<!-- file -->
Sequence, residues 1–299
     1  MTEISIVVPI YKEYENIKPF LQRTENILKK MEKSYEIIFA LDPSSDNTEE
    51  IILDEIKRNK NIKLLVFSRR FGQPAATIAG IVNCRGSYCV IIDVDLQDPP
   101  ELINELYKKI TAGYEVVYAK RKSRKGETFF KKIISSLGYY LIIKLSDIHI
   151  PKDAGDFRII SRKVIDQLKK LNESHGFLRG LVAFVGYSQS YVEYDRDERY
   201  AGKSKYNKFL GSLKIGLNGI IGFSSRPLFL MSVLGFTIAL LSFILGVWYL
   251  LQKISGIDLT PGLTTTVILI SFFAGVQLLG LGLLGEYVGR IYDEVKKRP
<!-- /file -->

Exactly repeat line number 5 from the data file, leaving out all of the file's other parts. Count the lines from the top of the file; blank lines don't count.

   151  PKDAGDFRII SRKVIDQLKK LNESHGFLRG LVAFVGYSQS YVEYDRDERY